Booking's strategy of growth through acquisitions and investments hasn't precluded it from buying back its own stock - or generating ample free cash flow. The company repurchased $2.3 billion in BKNG shares in the 12 months ended March 31. It also generated $3.4 billion in free cash flow after paying interest on debt.
Booking's shareholders aren't clamoring for a dividend, but it absolutely could afford to initiate one. That would ensure a little extra total return and perhaps tamp down what historically has been a relatively volatile stock.
SEE ALSO: The 7 Highest-Rated Dividend Aristocrats
Getty Images
Market value: $515.9 billion
Analysts' opinion: 25 strong buy, 3 buy, 2 hold, 0 sell, 0 strong sell
Facebook (FB, $177.78) set a record for the most market value wiped out in a single trading session when the stock lost 19%, or $120 billion, on July 26. That came on fears that it has entered a new era of slower revenue growth and narrower profit margins. Shares have drifted lower ever since.
Earnings that have grown at an average annual rate of 64% for the past five years are now expected to rise "only" 21% a year for the next half-decade. Revenue is forecast to increase 37% this year, but "just" 25% next year.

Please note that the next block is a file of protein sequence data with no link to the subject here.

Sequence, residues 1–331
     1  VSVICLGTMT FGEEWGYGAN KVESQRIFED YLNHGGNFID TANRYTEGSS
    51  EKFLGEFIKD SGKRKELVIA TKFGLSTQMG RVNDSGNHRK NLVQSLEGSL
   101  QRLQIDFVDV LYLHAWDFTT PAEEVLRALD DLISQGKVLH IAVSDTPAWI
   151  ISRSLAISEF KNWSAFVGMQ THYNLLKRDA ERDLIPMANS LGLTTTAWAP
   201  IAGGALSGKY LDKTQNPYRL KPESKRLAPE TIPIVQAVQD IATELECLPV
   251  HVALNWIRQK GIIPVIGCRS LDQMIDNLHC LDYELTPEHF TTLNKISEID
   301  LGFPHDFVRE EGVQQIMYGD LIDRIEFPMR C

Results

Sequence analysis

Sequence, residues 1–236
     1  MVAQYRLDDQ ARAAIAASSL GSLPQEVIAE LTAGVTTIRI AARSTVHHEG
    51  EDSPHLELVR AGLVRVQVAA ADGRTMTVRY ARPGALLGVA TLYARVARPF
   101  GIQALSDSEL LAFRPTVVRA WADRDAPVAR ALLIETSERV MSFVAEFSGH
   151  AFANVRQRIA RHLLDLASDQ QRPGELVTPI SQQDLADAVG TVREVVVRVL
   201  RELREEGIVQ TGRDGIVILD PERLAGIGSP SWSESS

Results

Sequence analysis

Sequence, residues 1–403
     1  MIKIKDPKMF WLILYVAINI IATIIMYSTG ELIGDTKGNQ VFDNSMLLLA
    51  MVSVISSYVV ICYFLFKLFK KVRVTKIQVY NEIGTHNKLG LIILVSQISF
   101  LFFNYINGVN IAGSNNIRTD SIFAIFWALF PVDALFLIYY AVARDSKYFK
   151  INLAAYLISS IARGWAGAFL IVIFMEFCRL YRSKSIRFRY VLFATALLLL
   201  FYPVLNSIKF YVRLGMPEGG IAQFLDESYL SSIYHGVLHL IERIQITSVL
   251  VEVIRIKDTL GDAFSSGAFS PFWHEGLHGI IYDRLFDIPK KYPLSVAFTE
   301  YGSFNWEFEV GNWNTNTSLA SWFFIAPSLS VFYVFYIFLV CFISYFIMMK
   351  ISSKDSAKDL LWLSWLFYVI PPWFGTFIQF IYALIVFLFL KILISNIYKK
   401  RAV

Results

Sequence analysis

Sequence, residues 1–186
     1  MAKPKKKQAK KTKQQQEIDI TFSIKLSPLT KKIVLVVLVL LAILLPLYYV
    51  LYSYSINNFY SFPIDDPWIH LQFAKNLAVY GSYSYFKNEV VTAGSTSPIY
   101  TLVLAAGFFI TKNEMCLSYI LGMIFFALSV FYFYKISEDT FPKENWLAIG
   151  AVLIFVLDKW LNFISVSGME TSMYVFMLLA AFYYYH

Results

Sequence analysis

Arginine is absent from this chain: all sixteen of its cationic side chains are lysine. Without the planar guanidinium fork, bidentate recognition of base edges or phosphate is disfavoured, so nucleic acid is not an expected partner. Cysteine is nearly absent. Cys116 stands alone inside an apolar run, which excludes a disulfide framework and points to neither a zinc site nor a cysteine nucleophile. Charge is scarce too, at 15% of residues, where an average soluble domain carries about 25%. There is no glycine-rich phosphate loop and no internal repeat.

If Facebook's days of outrageous growth (relatively speaking) really are over, one thing it could do to sweeten the pot for its stock is to start paying a dividend. It has more than enough firepower to do so and still pour resources into acquisitions, research and development.
Facebook had $42.3 billion in cash and short-term investments as of June 30 - and no long-term debt against it. It bought back $6.7 billion of its own stock during the 12 months ended June 30, while generating $11.3 billion in free cash flow. Returning some more of that cash to shareholders could go a long way toward rebuilding faith in Facebook stock.
SEE ALSO: 8 Great Dividend Stocks Yielding 8% or More
53 Best Dividend Stocks for 2018 and Beyond
Millionaires in America: All 50 States Ranked
20 Best Small-Cap Dividend Stocks to Buy
Copyright 2018 The Kiplinger Washington Editors
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6 days ago by neerajsinghvns